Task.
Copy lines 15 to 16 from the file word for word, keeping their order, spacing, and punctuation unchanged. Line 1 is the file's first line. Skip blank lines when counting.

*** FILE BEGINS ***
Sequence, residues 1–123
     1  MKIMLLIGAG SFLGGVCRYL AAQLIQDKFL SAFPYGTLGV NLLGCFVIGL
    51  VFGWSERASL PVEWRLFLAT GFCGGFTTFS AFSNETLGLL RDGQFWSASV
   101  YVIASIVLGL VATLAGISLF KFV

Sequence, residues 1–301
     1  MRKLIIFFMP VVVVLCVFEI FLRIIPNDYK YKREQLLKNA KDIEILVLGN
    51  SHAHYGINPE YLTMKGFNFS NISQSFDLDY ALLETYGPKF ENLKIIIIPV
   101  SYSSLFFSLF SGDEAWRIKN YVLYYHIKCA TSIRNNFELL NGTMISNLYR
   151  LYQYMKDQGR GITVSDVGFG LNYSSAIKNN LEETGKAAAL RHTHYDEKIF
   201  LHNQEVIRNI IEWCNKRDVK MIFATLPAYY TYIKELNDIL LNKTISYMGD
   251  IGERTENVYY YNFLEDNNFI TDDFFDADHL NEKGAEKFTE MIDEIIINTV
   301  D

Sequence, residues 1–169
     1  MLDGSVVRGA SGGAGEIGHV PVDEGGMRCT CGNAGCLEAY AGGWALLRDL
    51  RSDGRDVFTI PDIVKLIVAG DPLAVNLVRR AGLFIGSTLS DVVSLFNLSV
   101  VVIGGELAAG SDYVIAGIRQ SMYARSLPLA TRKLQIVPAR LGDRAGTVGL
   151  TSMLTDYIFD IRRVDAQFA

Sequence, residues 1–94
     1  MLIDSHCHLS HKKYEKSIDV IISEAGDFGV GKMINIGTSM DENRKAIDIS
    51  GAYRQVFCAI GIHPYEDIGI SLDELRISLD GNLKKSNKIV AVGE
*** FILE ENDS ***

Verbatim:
    51  RSDGRDVFTI PDIVKLIVAG DPLAVNLVRR AGLFIGSTLS DVVSLFNLSV
   101  VVIGGELAAG SDYVIAGIRQ SMYARSLPLA TRKLQIVPAR LGDRAGTVGL